Throughout the 20th Century (and into the 21st Century), there have been many men who have become influential – both in terms of fashion and in their general lifestyle.
These are the men that people want to follow, they define a generation and provide someone for men to follow. This isn’t about politics, but about fashion, style, and attitude, shifting mindsets by creating an emotional connection.
Influential male fashion icons are not necessarily as common as female icons – whether that is because many men do not put themselves in the position to become fashion leaders, or whether being a follower of fashion is more of a female pursuit is unclear – but those that are on this list have made it because they have left a lasting legacy on the style scene.
The well-known and beloved American actor Steve McQueen was known just as much for his antihero persona as he was for his movies – and that earned him the nickname ‘The King of Cool’.
In 1974, McQueen was the highest paid actor in the world despite being notoriously hard for directors to work with.
His style was all about the battered leather jacket, the chunky knit cardigan, and the chukka boots, but he also wore elegant suits with silk printed ties or a pinstripe blazer really well too.
The King of Rock and Roll, Elvis Presley has often been described as one of the most influential characters of the 20th Century. While more modern depictions may have shown him as an overweight shell of the man he once was, in his heyday he was considered to be the epitome of sex appeal.
His early gospel and country influences were part of his rockabilly persona, and when it came to personal style he was all about the performance. His early fashion included Cuban-collared shirts with wide-leg pleated trousers; he did not enjoy wearing jeans as he found them to be too constricting. This is what led to him favoring the sparkly jumpsuits when performing – not only to be center of attention, but for the freedom of movement.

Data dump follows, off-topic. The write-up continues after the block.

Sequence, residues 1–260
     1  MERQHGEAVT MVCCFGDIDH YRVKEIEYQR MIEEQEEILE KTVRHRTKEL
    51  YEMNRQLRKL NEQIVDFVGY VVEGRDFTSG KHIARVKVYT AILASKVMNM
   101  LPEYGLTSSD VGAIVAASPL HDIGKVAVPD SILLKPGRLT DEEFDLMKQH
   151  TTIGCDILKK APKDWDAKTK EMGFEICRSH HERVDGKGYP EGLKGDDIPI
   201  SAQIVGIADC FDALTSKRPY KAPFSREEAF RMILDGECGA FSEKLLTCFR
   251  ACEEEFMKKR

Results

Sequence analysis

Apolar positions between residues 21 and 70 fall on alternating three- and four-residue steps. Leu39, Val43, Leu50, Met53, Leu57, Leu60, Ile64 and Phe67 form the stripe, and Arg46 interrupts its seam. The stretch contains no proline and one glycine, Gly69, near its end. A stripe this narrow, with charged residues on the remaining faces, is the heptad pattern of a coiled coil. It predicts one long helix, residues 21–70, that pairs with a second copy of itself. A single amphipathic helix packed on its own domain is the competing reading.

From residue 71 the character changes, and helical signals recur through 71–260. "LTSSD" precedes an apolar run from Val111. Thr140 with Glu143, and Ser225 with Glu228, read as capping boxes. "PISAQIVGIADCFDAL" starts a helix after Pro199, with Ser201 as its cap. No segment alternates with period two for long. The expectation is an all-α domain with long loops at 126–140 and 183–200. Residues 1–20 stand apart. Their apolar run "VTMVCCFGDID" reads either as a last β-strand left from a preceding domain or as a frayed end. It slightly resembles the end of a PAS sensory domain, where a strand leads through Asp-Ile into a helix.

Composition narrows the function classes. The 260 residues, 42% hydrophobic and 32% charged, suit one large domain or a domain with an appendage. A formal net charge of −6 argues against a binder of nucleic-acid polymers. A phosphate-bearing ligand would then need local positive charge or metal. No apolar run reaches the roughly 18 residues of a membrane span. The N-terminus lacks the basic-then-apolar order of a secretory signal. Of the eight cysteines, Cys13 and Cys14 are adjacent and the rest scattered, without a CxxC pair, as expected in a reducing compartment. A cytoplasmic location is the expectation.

The biggest style decision for Elvis was always that shiny, black pompadour hair though.
Born Laurence Tureaud, Mr. T shot to fame after starring as BA Baracus in the A-Team. His signature men’s denim shorts and copious amounts of big, chunky gold jewelry was something that followed him from his BA Baracus persona into his real life.
Aside from acting in movies and TV shows, Mr. T also worked alongside Hulk Hogan on the then-named WWF, later being inducted into the WWE Hall of Fame.
While Mr. T may have dropped all the gold and reinvented himself as a born-again Christian, his look is something that has been copied again and again.
Bowie was a true pioneer of music, choosing to make art with both sound and the way he looked. Whether it was the androgynous style of the dress he wore on the cover of the album The Man Who Sold the World or the kimonos he favored when he was in his Ziggy Stardust phase, Bowie always wore really interesting clothes.
One of his signature looks as ‘The Thin White Duke’ included oversize suits in Monochrome, although later he worked with designer Alexander McQueen who created the iconic Union Jack coat he wore on one of his later albums.
A more modern entry on this list, Harry Styles shot to fame as part of the supergroup One Direction. While in the band, he was recognized as a bit of a ‘cheeky chappy’, and favored skinny jeans and sheer blouses or floral prints to portray his flamboyant nature.
After 1D went on hiatus, Harry has been known to wear custom pink suits, sequined tops, and satin flares, as well as pairing pearls and a sweater vest – but perhaps his most controversial outfit choice was a Vogue cover shoot in 2020 where he wore a beautiful blue Gucci dress.
He might not be everyone’s cup of tea, but he is definitely a style icon.